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Parents Furious Forest Hills Schools Don't Have Room For Their Kids

By Ewa Kern-Jedrychowska | April 17, 2015 4:52pm | Updated on April 20, 2015 7:49am
 P.S. 196, which 150 kindergarten seats, found itself with 52 kids on its waitlist.
P.S. 196, which 150 kindergarten seats, found itself with 52 kids on its waitlist.
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DNAinfo/Ewa Kern-Jedrychowska

QUEENS — Two Forest Hills elementary schools are sending kindergarten students to buildings in other neighborhoods because they don't have room for them, officials said, infuriating local parents.

Dozens of students zoned for P.S. 196 and P.S. 144 were waitlisted and are being sent to other District 28 schools sometimes outside of Forest Hills, parents said.

Anne Duterme bought an apartment in the neighborhood last year just so she could get her kid into P.S. 196.

On Tuesday, she received a letter from the Department of Education that her son had been waitlisted and his other option would be to attend P.S. 117 in Briarwood — which is two subway stops away, Duterme said.

Her son was also placed on waitlists at two other Forest Hills schools, P.S. 303 and P.S. 101, she said.

"Everyone is furious," Duterme said. "We paid so many taxes and we can't even have a decent experience of public schools."

P.S. 196 has already filled its 150 kindergarten seats, and has a waitlist of 52 kids. P.S. 144 offers 100 seats and has 64 students waiting, one of the longest lists in the city, according to data provided by the Department of Education.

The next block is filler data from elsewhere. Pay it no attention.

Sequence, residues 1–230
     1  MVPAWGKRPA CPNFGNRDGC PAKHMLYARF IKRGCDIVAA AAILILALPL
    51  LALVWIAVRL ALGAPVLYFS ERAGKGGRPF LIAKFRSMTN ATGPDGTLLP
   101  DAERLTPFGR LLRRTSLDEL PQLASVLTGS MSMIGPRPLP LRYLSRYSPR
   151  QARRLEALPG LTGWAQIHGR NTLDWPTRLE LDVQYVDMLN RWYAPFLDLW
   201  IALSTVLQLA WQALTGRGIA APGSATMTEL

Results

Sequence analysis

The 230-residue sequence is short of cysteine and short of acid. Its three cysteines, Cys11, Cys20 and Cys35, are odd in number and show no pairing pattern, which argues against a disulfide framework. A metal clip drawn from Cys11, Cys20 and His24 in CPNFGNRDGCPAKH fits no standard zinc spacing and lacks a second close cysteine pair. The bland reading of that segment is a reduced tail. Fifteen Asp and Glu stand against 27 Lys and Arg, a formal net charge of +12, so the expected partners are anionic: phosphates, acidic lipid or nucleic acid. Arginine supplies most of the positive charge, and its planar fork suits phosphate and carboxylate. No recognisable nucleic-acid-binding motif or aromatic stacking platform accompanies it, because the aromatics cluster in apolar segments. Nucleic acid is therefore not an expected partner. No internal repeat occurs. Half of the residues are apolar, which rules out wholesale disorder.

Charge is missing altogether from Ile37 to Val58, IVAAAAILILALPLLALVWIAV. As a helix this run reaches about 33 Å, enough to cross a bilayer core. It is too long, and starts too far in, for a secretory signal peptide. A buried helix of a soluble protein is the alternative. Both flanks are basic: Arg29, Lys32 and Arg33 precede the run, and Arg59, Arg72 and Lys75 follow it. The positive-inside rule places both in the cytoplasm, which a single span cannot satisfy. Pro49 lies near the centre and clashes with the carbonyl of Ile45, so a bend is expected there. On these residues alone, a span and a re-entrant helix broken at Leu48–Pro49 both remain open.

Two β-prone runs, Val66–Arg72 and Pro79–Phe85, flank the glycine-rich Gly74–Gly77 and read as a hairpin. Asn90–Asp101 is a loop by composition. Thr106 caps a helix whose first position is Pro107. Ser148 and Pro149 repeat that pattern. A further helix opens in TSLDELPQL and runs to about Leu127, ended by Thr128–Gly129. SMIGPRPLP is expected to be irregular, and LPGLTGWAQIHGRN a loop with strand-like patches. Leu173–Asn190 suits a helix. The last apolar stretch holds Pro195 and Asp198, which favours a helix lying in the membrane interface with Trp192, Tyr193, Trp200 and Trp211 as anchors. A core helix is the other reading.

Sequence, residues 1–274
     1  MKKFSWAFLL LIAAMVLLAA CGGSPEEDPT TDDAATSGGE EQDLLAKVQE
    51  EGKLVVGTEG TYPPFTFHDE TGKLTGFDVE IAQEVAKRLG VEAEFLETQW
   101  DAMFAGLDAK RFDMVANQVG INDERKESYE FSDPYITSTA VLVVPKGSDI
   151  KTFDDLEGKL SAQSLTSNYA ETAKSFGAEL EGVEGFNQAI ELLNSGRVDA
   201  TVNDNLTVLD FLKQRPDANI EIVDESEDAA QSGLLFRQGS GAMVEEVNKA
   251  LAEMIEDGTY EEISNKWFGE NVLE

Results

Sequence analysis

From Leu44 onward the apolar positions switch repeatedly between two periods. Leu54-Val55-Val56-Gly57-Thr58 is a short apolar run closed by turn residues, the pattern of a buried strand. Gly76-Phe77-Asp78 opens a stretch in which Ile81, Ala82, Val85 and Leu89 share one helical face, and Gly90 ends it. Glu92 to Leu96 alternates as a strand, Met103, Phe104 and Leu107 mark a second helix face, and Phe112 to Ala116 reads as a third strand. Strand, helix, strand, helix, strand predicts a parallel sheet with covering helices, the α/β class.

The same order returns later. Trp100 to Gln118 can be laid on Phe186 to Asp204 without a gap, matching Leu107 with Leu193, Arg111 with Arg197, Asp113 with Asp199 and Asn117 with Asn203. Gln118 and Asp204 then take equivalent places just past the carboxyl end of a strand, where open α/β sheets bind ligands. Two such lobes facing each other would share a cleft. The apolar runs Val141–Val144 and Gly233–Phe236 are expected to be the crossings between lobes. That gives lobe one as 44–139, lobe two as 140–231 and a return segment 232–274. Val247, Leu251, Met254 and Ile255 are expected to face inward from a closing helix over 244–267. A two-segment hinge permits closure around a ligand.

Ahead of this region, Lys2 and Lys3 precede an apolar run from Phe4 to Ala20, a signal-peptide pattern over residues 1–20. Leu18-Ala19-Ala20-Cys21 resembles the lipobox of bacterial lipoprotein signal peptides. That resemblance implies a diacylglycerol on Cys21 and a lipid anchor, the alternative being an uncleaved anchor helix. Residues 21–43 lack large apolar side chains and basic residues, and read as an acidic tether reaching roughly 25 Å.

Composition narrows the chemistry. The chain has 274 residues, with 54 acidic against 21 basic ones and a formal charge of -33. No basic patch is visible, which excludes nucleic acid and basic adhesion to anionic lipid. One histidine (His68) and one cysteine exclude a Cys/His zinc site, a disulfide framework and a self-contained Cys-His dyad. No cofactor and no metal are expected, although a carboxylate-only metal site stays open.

Some students who didn't make the cut were being sent to P.S. 220 in Forest Hills and P.S. 174 in Rego Park, parents said.

The population of families and children is growing in the neighbord zoned for P.S. 144 Col Jeromus Remsen and P.S. 196 Grand Central Parkway, which is also one of the most coveted schools in the area, parents said.

Councilwoman Karen Koslowitz's office received numeorus complaints from parents about the issue. Michael Cohen, a spokesman for Koslowitz, said "the obvious problem is lack of capacity," and there is no easy solution, he said.

Citywide, 1,239 students have been placed on waitlists at 51 schools they were zoned for, compared to 1,242 students placed on waitlists for 63 schools last year.

Students could still get into the schools they're waitlisted in, as parents may choose other options and drop off the list, a DOE spokesman said.

"Every family that applied to kindergarten before the deadline received an offer, and we were encouraged to see a nearly 25 percent drop in the number of schools with zoned waitlists,” he said. 

“We are continuing to work with families in this school community to ensure that every student has a high-quality kindergarten education," he added.